The Chronology at Taima-taima

A series of 18 consistent radiocarbon dates support the chronology at Taima-taima. Three additional dates were rejected as inconsistent and/or insufficiently reliable for a variety of reasons. The list of dates taken from Bryan (in Ochsenius 1979: 54-56) are provided below in Table 1.

Radiocarbon dates in stratigraphic & chronological Order
Stratigraphic
Context
Material
Dated
Sample
No.
Consistent
Dates
Inconsistent
Dates
Unit III
Black
organic
clay
organic
matter
content
from
'soil'
IVIC-657
9650 ± 80
IVIC-658
9660 ± 110
IVIC-665
9680 ± 110
IVIC-666
10,030 ± 90
IVIC-659
10,140 ± 90
IVIC-667
10,290 ± 90

Stratigraphic
Context
Material
Dated
Sample
No.
Consistent
Dates
Inconsistent
Dates
Unit I
Convoluted
grey
sand
organic
carbon
content
from
'soil'
IVIC-655
11,860 ± 130
IVIC-627
12,580 ± 150
IVIC-661
12,620 ± 120
IVIC-660
12,660 ± 120
IVIC-664
12,730 ± 120
IVIC-669
12,770 ± 120
bone
SI-3316
12,980 ± 085
organic
carbon
IVIC-670
12,990 ± 260
wood
(twigs)
BIRM-802
13,000 ± 200
organic
carbon
IVIC-191-1
13,010 ± 280
organic
carbon
content
from
'soil'
IVIC-663
13,130 ± 130
IVIC-671
13,180 ± 130
IVIC-662
13,390 ± 130
IVIC-668
13,390 ± 130
bone
IVIC-247
13,880 ± 120
organic
carbon
IVIC-672
14,010 ± 140
wood
(twigs)
UCLA-2133
14,200 ± 300
Cobble
pavement
two
assays
from
same
bone
IVIC-191-2
14,440 ± 435
IVIC-191-B
7590 ± 100

Table 1
Taken from Alan Bryan & Ruth Gruhn ( in Ochsenius, editor, 1979: Table2). All dates are in radiocarbon years before present (uncalibrated). 'Present' is by convention set at AD 1955 .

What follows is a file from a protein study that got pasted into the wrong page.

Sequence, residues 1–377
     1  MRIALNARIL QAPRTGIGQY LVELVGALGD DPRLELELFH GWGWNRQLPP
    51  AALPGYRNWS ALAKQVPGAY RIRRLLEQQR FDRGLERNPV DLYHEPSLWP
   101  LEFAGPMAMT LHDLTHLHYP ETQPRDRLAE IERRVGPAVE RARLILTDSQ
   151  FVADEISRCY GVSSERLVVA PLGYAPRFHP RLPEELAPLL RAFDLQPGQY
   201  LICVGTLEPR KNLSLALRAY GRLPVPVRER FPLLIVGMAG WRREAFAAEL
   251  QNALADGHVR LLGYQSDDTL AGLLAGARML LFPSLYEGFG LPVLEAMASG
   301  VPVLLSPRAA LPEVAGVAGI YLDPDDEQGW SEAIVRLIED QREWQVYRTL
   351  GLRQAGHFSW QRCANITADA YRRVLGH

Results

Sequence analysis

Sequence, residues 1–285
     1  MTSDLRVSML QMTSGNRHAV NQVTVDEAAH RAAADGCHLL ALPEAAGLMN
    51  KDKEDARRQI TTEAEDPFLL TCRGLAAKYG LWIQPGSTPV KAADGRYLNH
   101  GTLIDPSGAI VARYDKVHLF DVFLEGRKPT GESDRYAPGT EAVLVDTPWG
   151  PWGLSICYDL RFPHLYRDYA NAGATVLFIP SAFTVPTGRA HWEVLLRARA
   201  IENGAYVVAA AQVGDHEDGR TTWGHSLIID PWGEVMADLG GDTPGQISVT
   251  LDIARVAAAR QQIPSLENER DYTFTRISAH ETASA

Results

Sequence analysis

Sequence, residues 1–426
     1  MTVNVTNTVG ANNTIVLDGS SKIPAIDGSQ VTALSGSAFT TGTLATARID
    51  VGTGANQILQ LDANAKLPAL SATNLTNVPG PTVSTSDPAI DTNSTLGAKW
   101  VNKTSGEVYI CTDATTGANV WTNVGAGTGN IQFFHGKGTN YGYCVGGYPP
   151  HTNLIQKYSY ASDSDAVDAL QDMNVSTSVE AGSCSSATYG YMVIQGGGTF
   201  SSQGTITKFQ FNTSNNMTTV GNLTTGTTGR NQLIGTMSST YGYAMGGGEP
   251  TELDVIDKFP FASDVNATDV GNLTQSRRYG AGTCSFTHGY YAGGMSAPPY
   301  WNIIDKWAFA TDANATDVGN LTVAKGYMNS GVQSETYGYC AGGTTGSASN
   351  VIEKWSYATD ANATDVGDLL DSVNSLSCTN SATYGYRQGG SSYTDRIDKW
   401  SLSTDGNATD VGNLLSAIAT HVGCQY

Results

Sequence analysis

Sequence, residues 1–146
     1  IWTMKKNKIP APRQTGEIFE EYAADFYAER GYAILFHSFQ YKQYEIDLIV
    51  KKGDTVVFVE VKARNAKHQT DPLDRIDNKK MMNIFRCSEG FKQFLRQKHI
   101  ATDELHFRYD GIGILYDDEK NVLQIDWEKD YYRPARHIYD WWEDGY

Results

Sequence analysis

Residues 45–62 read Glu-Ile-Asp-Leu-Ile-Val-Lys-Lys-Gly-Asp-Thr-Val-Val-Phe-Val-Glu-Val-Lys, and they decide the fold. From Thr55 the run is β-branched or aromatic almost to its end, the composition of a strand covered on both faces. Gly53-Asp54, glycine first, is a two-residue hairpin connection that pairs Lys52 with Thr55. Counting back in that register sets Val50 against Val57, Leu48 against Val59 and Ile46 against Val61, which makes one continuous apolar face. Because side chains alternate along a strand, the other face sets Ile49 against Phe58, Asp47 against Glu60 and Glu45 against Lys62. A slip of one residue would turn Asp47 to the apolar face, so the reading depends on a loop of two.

A suite of six charcoal dates from the stratigraphic Unit III (black organic soil) ranged from 10,290 B.P. to 9650 B.P. (all dates uncalibrated). The older 10,000 B.P. dates were from the bottom of this stratum, while the 9,800-9,600 B.P. dates are from the upper levels, suggesting that this marked the transition into the early Holocene. As this stratigraphic uncomformity 'sealed' Units I/II, it can be reasonably argued that the archaeological contexts in Unit I and the animal remains in Unit I/II must be earlier. Likewise, the brown clayey colluvium is entirely within the Holocene.

All but three dates associated with the archaeological context in Unit I (Table 1) produced a consistent maximum range between 13,390 and 12,580 B.P., with an outlying (but still consistent) date of 11,860 B.P. In general, these dates frame the human activities at some time between 13,500 and 12,500 B.P. This range places Taima-taima within a comparable time range as the exceedingly well documented upper component (or MV-II) of Monte Verde site.

Certainly it cannot be argued that such events could possibly be any later than 10,500 B.P. that marks the end of the erosional uncomformity represented by the accumulation of sediments of stratigraphic Unit III. But it could be argued that the archaeological contexts found on the cobblestone could be older than the estimated maximum date range of 13,000-13,500 B.P. As the butchering over the pavement is unlikely to be the accumulation (a palimpsest) of about two millennia of human activities, but more likely fewer discrete butchering/killings taking place over a much shorter time span, the actual date range marking such event(s) at Taima-taima remains open to discussion. As Dillehay (2000: 131) noted, re-dating the bones laying over the cobble pavement with the Accelerator Mass Spectrometry (AMS) technique would help reduce the temporal spread. As it stands, it is safe to suggest that human activities at Taima-taima most probably occurred at some point in time bracketed within the 13,500 and 12,000 B.P. range.